# How to plot a heatmap-like plot for categorical features?

I would greatly appreciate let me know how to plot a heatmap-like plot for categorical features?

In fact, based on this post, the association between categorical variables should be computed using Crammer's V. Therefore, I found the following code to plot it, but I don't know why he plotted it for "contribution", which is a numeric variable?

def cramers_corrected_stat(confusion_matrix):
""" calculate Cramers V statistic for categorical-categorical association.
uses correction from Bergsma and Wicher,
Journal of the Korean Statistical Society 42 (2013): 323-328
"""
chi2 = ss.chi2_contingency(confusion_matrix)[0]
n = confusion_matrix.sum().sum()
phi2 = chi2/n
r,k = confusion_matrix.shape
phi2corr = max(0, phi2 - ((k-1)*(r-1))/(n-1))
rcorr = r - ((r-1)**2)/(n-1)
kcorr = k - ((k-1)**2)/(n-1)
return np.sqrt(phi2corr / min( (kcorr-1), (rcorr-1)))

cols = ["Party", "Vote", "contrib"]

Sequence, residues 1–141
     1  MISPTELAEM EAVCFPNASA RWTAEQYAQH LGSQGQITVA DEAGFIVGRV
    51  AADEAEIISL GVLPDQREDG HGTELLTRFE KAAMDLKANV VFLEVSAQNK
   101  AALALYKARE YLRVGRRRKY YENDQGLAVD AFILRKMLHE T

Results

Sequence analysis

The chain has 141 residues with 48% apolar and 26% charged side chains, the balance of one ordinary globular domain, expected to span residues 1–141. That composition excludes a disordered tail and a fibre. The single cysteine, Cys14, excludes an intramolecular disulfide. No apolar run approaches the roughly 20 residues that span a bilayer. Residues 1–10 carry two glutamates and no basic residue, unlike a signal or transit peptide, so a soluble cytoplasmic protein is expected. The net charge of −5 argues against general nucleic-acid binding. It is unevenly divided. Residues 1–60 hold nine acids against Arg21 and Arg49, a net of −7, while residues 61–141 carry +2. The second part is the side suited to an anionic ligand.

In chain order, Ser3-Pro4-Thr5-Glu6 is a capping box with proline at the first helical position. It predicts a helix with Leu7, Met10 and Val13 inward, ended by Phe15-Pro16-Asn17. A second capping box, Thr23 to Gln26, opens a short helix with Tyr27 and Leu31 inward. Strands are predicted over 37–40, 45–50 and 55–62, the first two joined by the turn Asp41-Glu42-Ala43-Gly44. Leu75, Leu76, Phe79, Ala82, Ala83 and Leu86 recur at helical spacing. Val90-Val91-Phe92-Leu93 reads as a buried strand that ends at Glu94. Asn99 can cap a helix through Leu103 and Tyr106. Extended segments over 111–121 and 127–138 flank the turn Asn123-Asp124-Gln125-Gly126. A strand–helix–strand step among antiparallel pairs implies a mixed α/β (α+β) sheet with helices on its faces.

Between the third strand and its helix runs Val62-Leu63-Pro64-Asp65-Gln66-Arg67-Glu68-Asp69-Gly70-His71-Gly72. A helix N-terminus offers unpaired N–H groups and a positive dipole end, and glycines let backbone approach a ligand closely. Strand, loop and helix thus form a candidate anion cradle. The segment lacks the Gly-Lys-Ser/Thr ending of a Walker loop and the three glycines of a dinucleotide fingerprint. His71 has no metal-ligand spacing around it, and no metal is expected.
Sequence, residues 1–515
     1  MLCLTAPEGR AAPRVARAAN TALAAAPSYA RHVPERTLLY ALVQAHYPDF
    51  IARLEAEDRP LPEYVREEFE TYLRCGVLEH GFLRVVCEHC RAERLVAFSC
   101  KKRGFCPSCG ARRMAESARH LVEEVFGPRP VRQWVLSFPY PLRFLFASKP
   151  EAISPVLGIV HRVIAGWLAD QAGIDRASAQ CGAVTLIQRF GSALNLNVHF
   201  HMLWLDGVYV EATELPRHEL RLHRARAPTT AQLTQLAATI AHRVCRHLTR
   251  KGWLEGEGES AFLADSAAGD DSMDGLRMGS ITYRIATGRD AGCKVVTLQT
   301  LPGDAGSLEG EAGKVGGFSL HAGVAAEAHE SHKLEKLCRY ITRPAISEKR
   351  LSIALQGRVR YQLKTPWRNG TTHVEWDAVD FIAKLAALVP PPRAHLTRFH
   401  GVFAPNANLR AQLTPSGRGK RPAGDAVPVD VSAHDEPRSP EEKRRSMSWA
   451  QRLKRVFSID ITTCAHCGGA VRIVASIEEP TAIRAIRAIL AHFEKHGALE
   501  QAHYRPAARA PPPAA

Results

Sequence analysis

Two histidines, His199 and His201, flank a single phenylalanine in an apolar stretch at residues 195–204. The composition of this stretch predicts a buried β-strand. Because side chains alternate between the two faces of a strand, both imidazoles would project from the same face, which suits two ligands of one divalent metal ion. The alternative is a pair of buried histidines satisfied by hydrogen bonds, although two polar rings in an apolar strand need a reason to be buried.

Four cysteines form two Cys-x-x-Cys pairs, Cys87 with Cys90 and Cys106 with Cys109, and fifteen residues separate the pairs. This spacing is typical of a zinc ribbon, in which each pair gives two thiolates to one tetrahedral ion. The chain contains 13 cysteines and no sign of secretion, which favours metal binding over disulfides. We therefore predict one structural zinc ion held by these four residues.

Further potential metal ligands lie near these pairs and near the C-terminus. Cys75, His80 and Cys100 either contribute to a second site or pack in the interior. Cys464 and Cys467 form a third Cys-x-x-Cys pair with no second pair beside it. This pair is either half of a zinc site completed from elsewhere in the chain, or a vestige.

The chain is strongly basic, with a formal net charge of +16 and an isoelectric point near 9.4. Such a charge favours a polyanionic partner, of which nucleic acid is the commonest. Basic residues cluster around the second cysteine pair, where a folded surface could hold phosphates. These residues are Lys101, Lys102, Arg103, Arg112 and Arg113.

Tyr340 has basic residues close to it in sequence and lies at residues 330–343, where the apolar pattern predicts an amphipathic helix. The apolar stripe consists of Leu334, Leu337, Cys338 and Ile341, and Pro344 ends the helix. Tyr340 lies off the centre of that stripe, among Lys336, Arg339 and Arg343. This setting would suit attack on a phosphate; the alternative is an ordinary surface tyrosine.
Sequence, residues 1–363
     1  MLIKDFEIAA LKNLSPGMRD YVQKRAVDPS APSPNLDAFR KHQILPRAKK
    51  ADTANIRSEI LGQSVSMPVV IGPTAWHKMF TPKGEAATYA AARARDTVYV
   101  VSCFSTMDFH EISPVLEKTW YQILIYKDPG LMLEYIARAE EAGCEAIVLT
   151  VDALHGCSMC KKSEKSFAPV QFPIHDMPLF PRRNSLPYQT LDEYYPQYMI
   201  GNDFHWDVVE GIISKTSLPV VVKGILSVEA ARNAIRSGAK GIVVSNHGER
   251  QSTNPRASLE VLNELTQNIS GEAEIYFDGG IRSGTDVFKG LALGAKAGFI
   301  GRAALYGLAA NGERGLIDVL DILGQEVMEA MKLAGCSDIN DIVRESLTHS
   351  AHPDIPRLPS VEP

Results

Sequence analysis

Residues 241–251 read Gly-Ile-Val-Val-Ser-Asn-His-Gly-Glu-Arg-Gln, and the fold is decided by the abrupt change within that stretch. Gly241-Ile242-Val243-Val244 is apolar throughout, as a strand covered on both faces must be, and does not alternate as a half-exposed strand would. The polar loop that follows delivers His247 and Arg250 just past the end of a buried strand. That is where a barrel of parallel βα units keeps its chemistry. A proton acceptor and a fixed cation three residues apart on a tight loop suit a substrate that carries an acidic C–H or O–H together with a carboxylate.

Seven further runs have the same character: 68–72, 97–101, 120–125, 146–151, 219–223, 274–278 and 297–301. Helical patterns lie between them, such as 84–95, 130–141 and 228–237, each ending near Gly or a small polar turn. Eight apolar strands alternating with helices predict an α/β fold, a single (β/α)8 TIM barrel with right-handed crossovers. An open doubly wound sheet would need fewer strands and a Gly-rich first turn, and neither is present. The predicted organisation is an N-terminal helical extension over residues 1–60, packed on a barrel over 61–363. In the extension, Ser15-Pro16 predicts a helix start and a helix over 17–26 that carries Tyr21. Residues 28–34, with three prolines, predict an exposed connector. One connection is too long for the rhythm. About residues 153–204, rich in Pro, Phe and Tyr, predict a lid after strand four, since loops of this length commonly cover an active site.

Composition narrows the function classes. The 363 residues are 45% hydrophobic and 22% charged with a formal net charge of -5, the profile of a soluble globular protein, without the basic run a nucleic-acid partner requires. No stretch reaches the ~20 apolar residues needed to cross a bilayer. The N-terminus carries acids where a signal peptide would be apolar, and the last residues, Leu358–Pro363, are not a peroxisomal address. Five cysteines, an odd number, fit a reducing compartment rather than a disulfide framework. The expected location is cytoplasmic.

corrM = np.zeros((len(cols),len(cols)))
# there's probably a nice pandas way to do this
for col1, col2 in itertools.combinations(cols, 2):
idx1, idx2 = cols.index(col1), cols.index(col2)
corrM[idx1, idx2] = cramers_corrected_stat(pd.crosstab(df[col1], df[col2]))
corrM[idx2, idx1] = corrM[idx1, idx2]

corr = pd.DataFrame(corrM, index=cols, columns=cols)
fig, ax = plt.subplots(figsize=(7, 6))
ax = sns.heatmap(corr, annot=True, ax=ax); ax.set_title("Cramer V Correlation between Variables");


I also found Bokeh. However, I am not sure if it uses Crammer's V to plot the heatmap or not?

Really, I have two categorical features: the first one has 2 categories and the second one has 37 categories.

I need the plot will be like the two last plots presented here, but also display the association values on it too.

It might not be useful to plot the relationship between categorical features. The visualization would imply an ordering to categorical values which might not lead to incorrect interpretations.

A more useful option might be a contingency table. One feature would be in the rows, another feature would be in the columns. The cells would be the counts of co-occurrence.

If your goal is to have a color representation of the contingency table then you can use pd.crosstab along with background_gradient like this:

import pandas as pd

data = {
'City': ['City1', 'City2', 'City1', 'City2', 'City1', 'City2', 'City3', 'City2', 'City1', 'City2', 'City1', 'City2', 'City3', 'City3', 'City1', 'City2', 'City1', 'City2', 'City1', 'City2'],
'Sales': [100, 200, 200, 200, 100, 100, 400, 400, 500, 500, 100, 100, 200, 300, 400, 200, 400, 300, 100, 100]
}
df = pd.DataFrame(data)

df_cross = pd.crosstab(df["Sales"], df["City"])